The Feel of a Vision
by Al Boyce 5/18/2007 / Devotionals
So then neither he who plants is anything, nor he who waters, but God who gives the increase. -- 1 Corinthians 3:7 (NIV)
Five years ago, I awakened from a dream at 3:30 a.m.
In the dream, I had been singing a song about freedom in Jesus to a group of inmates at a maximum-security prison. They were standing, singing along, some crying, some laughing with hands in the air.
The last strains of the song were echoing in my head even as I dragged myself from the futon in my rented apartment and went to the bathroom:
"I may not have my freedom, but somehow I don't mind
"Because the promises of Jesus are the only ties that bind."
I don't usually remember much from dreams. This one was different. I remembered every word of that song and felt the Lord urging me to write it down.
A week later, the music for those lyrics leaped into my head and, as I played it for the first time, I wondered what God had in mind. I recorded the song, put it on a CD with some other songs I'd written and sold several to raise money for charity.
The seed was planted.
I knew some people who were involved in the Kairos ministry, which brings the love of Jesus to prisoners around the world. I'd been thinking of getting involved myself. Perhaps this was God's nudge in that direction, I thought.
A year went by and I was, indeed, on a Kairos team heading into Central Prison in Raleigh, NC. I mentioned the song to the team leader. He liked the song, he said, but it wasn't on the "approved list" and couldn't be used.
Meanwhile, Hope, a friend from church, had listened to the CD. She immediately fell in love with "The Only Ties that Bind" and felt it would be perfect for Kairos. But the only way it could be used was if the leader of a Kairos weekend chose it as the theme song. Usually the theme songs were well-known hymns or Christian songs everyone knows.
She worked on Kairos teams and, two years later, was chosen to lead the Kairos team for spring 2007. She didn't need to think twice about the theme song she would use.
The seed was watered.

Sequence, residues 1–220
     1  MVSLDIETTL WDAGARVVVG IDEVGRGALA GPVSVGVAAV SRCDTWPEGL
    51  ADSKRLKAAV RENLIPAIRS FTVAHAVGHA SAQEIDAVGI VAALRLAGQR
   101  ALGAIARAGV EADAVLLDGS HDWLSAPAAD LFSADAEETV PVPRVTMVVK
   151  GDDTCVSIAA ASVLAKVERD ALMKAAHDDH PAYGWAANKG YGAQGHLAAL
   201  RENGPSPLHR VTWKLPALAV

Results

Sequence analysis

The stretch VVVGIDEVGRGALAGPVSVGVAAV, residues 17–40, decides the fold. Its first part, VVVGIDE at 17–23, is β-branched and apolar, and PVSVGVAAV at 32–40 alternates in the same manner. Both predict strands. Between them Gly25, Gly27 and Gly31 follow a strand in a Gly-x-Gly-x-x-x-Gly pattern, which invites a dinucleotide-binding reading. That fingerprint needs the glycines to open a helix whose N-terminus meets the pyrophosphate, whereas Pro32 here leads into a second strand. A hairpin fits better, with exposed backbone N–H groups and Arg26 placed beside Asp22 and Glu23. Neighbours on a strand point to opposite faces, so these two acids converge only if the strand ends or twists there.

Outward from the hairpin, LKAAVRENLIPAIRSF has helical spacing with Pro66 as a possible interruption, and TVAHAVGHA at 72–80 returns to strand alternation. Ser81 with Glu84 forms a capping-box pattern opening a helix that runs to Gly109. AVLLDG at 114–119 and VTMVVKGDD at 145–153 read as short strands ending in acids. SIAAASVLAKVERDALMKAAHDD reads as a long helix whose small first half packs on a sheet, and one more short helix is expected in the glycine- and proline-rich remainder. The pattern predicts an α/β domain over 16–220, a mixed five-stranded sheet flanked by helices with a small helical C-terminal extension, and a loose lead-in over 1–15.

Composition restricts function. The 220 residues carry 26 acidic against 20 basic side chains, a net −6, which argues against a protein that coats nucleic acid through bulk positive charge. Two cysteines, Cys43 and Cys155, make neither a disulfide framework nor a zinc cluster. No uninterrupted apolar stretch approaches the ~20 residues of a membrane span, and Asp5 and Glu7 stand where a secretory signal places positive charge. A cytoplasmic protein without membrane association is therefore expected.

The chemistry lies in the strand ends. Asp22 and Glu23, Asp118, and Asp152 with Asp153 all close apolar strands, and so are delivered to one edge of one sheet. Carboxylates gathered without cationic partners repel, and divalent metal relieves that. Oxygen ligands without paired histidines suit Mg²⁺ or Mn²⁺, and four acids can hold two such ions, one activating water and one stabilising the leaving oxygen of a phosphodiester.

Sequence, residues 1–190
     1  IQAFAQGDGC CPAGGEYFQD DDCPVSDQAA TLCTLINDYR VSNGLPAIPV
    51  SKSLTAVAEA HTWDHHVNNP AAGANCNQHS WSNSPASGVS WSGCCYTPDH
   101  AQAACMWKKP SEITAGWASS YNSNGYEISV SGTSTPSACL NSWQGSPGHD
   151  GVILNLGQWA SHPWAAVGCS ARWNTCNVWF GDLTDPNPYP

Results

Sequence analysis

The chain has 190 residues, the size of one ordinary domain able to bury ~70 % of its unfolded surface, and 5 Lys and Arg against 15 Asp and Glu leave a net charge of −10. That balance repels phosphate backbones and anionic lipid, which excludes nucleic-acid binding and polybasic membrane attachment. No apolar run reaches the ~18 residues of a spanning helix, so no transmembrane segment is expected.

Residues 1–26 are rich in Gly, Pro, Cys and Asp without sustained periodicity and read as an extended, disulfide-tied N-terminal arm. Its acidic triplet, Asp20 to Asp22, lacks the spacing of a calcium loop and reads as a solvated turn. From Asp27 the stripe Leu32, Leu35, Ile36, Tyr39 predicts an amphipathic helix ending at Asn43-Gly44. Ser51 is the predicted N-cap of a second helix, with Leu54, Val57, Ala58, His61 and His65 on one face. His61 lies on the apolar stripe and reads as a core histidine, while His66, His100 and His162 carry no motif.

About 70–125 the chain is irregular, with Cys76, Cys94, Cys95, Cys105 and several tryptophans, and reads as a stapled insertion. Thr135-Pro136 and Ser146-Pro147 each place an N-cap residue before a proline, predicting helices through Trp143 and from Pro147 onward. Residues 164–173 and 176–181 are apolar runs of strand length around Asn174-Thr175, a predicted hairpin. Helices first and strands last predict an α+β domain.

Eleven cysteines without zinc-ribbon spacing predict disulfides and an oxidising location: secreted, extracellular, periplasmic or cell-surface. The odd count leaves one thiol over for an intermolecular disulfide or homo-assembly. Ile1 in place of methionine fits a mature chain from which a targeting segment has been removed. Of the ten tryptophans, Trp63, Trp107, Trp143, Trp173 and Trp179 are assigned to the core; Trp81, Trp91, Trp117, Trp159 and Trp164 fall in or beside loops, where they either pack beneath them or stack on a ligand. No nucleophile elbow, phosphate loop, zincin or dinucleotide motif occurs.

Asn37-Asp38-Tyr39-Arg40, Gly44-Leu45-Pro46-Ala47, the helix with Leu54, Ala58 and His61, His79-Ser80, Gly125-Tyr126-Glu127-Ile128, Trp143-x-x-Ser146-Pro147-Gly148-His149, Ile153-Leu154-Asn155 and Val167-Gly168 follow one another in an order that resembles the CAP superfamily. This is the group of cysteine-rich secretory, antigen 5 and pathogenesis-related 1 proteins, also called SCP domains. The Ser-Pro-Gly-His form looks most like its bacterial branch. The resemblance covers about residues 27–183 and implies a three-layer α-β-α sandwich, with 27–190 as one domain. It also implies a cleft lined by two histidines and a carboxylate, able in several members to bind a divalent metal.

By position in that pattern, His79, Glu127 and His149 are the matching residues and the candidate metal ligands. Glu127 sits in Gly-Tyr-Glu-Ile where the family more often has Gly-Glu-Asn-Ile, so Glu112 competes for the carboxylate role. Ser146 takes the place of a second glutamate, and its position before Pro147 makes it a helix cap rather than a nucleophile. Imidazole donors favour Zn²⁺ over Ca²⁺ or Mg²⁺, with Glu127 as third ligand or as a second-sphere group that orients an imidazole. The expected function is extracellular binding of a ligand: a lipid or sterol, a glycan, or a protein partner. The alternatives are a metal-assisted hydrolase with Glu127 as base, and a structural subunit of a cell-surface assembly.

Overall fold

Because this Kairos was going to Women's Prison, I couldn't be on the inside team. I became a kind of honorary outside team member, helped them learn the song and waited to see what God would do.
Hope knew the rules. No man had been on the inside team for women's Kairos before. But she felt called to make the attempt. I was added to the list of "food handlers" for the final day of the weekend.
After making sandwiches and dishing out baked beans in the kitchen for a while, I sat at the helpers table in the main Kairos meeting room. Then, without fanfare, Hope brought me to the podium, where she introduced me as the one who had written the theme song. She said her vision was that I sing it with them today.
They had never heard the story of how the song was written, or of my own vision. As I told the story, there were gasps of amazement and some tears.
Then we did the song for 35 inmates and another 50 volunteers and guards.
They were standing, singing along, some crying, some laughing with hands in the air.
It was the dream, the vision, delivered in God's way, in God's perfect timing.
Several women told me afterwards how they were touched by the message. One said, "I'll probably never leave this place. And I've had a very hard time dealing with that. But for the first time, I know I am truly free in Jesus and everything will be OK."
Smiling through her tears, she hugged me.
The song lyrics were printed out and distributed to everyone in the prison, including four women on Death Row. Those four were allowed to hear the song on a portable CD player. By the time I left, even the guards were thanking me for bringing them God's blessed song.
And God isn't finished giving the increase.
I learned a few days later that the song may be added to that "approved list" I mentioned before.
That would make God's message available to 50,000 prisoners, worldwide, every year.
God has given you a seed.
Don't you think it's time you planted it?
Al Boyce is a former writer and reporter for The Associated Press. He lives in Raleigh, NC, where he now writes for God.